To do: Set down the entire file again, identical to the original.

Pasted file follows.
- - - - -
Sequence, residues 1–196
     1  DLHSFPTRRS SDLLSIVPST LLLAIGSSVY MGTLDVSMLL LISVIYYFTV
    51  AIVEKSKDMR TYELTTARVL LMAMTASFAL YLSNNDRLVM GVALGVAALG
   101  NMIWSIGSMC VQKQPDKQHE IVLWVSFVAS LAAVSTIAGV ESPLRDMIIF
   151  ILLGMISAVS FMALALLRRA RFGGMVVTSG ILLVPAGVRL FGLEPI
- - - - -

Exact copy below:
Sequence, residues 1–196
     1  DLHSFPTRRS SDLLSIVPST LLLAIGSSVY MGTLDVSMLL LISVIYYFTV
    51  AIVEKSKDMR TYELTTARVL LMAMTASFAL YLSNNDRLVM GVALGVAALG
   101  NMIWSIGSMC VQKQPDKQHE IVLWVSFVAS LAAVSTIAGV ESPLRDMIIF
   151  ILLGMISAVS FMALALLRRA RFGGMVVTSG ILLVPAGVRL FGLEPI